It's not all doom and gloom though.    I'm also making the most of free alternative therapies offered at the cancer support centre - yesterday I enjoyed a session called Bodytalk, on Thursday I have an Indian Head Massage booked and later in the month, a Mindfulness (otherwise known as meditation) session.   I shall post again on my experience of these.  Bye for now and please visit again! x


  1. Hi Cath,
    I have finished my treatment a year ago, but only now I am able to talk about the experience. For most of the time I just wanted for this to be over. So congratulations. You are keeping well and there is only a little to go.

    All the best,

  2. Thanks for reading and commenting Mila. Sometimes I question my decision to be so public about my cancer but I think generally it has helped me be strong and has lifted me out of my darker moments! Best wishes to you, I will read your blog with interest. X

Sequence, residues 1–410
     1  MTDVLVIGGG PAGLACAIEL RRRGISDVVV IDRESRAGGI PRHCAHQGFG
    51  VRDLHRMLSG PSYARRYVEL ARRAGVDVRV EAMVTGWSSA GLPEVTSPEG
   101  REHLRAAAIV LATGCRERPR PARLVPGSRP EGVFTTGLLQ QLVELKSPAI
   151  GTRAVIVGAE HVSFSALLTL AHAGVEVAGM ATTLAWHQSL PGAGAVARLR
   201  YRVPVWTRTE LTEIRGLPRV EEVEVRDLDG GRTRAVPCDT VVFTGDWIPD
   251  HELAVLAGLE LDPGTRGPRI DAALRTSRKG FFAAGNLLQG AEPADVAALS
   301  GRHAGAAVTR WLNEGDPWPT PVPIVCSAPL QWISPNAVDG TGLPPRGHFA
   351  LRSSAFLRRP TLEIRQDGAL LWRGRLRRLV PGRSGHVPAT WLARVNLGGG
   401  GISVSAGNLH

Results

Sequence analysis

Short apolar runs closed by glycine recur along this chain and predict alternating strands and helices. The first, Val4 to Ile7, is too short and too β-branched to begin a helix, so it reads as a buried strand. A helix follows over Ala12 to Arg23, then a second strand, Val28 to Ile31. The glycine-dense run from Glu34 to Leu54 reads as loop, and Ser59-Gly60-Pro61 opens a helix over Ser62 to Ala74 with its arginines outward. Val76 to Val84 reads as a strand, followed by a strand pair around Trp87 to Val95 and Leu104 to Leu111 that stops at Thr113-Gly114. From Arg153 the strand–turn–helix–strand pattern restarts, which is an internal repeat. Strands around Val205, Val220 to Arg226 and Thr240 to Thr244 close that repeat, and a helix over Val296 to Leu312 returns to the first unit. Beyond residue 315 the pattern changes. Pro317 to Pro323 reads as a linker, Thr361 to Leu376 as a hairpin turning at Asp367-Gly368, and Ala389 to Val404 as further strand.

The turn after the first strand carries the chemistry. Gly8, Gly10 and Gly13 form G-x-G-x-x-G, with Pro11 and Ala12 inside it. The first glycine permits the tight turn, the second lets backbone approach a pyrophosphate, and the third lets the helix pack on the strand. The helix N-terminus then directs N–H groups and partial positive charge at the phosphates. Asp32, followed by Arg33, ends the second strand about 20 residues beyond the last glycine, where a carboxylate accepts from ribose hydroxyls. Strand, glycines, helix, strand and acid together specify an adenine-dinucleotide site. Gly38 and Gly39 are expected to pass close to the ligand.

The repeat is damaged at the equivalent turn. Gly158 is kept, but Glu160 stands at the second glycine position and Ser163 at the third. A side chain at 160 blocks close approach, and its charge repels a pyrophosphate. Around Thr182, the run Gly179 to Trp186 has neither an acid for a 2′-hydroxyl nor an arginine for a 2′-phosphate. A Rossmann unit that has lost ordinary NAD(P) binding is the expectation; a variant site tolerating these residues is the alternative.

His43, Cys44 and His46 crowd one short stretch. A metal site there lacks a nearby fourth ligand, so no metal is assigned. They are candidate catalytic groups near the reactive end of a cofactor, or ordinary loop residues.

3. I think its helped us all to understand all that goes with being diagnosed with cancer. I know a lot of people enjoy reading your updates you always manage to inject a bit of humour into quite frankly a shit year! xx

  4. Thank you Natasha, you are too kind. If I dont laugh, I cry. That is all. Xx

  5. Hi…I am Katya…I am here to let you know that now there is a way to get breast cancer help. You can connect directly to medical doctors researching to find a cure at Also, you can look at different clinical trials recruiting people providing free medical care to those who may not be able to afford it. Please take a look at: Thank you! Let's fight breast cancer together!